Today in Research: Hallucinations Before Migraines; Vitamin Worries

Today in research: barking piranhas, hallucinatory pre-migraine smells, the thing about vitamins, and which types of punctuation get a study noticed.

  • Smell hallucinations prior to a migraine have been overlooked. A Montefiore Headache Center in New York meta-analysis highlighted by Reuters informs us that, although it's uncommon to have an olefactory hallucination prior to a migraine, there have been some cases. This is what was smelled by these people, it seems to be pretty varied: "Some headache sufferers described a general burning smell, while others said they smelled cigar smoke, wood smoke or burned popcorn. After those burning scents, 'decomposition' odors -- like garbage or sewage -- were the next most common. A few people did describe pleasant odors, including the scent of oranges, coffee, or, in one case, foie gras." [Reuters]
  • This just about tops off the week in vitamin worries. In just a few days there were two widely covered studies that came to pointed conclusions about the detrimental effects of both vitamin E and multivitamin supplements. Today, the Associated Press published an explainer noting all the caveats that you'd read on a typical pill bottle (i.e. a variation of vitamins aren't proven to be good for you). It did, however, quote the president of Consumerlabs.org, "a company that tests supplements and publishes ratings for subscribers," saying something pretty striking about different types of vitamin products: "One out of 4 either doesn't contain what it claims or has some other problems such as contamination or the pills won't break apart properly." [Associated Press]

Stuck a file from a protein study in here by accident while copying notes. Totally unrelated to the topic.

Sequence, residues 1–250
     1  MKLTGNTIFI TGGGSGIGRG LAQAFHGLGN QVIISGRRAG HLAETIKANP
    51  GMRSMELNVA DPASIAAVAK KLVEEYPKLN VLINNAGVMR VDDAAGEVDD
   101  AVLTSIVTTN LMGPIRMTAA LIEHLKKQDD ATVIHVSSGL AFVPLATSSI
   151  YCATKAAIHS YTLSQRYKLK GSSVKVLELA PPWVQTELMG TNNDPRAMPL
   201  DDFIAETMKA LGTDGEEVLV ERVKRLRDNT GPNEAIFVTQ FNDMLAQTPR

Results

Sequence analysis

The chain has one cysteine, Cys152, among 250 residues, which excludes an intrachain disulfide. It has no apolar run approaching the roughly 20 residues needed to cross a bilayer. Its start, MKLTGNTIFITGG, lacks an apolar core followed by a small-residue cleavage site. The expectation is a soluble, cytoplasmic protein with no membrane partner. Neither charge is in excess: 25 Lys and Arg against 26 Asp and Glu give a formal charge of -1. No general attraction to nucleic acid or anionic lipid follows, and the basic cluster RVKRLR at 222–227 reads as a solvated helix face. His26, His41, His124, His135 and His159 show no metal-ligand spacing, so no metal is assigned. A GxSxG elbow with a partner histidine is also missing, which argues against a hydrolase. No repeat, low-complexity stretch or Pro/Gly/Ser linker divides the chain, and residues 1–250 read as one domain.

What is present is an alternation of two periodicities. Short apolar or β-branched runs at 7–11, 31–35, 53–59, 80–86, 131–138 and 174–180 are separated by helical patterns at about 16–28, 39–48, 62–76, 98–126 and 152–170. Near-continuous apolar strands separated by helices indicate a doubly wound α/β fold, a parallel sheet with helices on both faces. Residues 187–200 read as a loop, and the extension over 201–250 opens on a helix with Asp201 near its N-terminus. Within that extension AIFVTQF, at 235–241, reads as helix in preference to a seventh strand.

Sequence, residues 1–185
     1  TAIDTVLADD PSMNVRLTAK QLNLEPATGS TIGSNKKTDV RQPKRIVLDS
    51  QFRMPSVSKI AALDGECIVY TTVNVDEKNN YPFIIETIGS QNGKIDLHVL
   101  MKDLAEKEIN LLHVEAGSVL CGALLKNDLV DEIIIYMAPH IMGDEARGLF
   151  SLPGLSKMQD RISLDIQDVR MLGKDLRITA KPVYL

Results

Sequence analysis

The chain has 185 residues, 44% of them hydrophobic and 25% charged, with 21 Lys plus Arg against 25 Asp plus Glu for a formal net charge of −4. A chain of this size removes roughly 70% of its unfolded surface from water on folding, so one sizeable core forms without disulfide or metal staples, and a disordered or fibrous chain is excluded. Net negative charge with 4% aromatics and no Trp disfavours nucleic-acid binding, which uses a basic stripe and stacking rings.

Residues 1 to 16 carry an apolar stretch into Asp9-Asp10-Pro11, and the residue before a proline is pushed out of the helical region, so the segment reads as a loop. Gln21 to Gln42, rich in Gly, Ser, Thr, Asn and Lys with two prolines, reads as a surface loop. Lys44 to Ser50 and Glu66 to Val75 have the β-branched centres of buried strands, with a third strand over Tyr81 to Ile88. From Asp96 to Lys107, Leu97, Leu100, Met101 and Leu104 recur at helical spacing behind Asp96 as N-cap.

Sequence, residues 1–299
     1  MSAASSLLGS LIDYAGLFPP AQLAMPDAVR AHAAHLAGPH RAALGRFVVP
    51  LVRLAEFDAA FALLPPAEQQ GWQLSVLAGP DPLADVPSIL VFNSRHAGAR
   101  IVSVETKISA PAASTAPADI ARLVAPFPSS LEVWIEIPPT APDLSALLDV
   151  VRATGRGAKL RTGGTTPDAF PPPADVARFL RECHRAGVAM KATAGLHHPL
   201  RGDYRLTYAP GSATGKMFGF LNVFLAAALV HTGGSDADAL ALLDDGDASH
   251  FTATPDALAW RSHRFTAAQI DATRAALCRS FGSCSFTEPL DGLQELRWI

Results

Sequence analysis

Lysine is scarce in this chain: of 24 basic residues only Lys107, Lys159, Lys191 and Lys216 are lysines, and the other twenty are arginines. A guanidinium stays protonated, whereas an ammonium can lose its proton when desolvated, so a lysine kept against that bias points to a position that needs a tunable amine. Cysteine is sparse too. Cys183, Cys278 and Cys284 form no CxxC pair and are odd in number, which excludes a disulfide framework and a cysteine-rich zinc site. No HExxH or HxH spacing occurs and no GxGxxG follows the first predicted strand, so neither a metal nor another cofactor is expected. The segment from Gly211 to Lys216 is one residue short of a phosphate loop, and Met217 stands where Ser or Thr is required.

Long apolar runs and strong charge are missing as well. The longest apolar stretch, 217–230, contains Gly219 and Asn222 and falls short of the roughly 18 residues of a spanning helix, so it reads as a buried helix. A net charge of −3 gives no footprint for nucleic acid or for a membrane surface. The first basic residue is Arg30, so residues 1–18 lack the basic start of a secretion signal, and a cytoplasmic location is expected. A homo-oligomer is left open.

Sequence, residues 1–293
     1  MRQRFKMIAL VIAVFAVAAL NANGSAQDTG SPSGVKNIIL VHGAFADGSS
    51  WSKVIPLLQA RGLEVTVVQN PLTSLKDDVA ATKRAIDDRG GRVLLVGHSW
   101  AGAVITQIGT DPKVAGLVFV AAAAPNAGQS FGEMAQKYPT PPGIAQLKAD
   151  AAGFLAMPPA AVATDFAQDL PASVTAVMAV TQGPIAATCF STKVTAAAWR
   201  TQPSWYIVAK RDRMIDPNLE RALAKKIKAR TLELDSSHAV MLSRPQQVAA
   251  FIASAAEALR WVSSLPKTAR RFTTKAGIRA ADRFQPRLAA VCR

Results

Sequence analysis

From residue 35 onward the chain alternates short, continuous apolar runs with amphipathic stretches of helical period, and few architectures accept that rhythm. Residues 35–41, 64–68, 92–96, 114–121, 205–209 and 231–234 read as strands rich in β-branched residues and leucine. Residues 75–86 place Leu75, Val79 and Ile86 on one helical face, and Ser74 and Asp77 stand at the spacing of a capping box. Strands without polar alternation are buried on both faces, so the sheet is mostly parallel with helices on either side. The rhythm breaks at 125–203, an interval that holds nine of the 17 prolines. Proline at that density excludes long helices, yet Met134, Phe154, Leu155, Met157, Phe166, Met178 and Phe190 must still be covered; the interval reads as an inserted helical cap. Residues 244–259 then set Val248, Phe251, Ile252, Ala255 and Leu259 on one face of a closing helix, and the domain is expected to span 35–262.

Read the full story at The Atlantic Wire.

Presented by

The Atlantic Wire is your authoritative guide to the news and ideas that matter most right now.

Join the Discussion

After you comment, click Post. If you’re not already logged in you will be asked to log in or register with Disqus.

Please note that The Atlantic's account system is separate from our commenting system. To log in or register with The Atlantic, use the Sign In button at the top of every page.

blog comments powered by Disqus

Video

A Stop-Motion Tour of New York City

A filmmaker animated hundreds of still photographs to create this Big Apple flip book

Video

The Absurd Psychology of Restaurant Menus

Would people eat healthier if celery was called "cool celery?"

Video

This Japanese Inn Has Been Open For 1,300 Years

It's one of the oldest family businesses in the world.

Video

What Happens Inside a Dying Mind?

Science cannot fully explain near-death experiences.

More in Health

Just In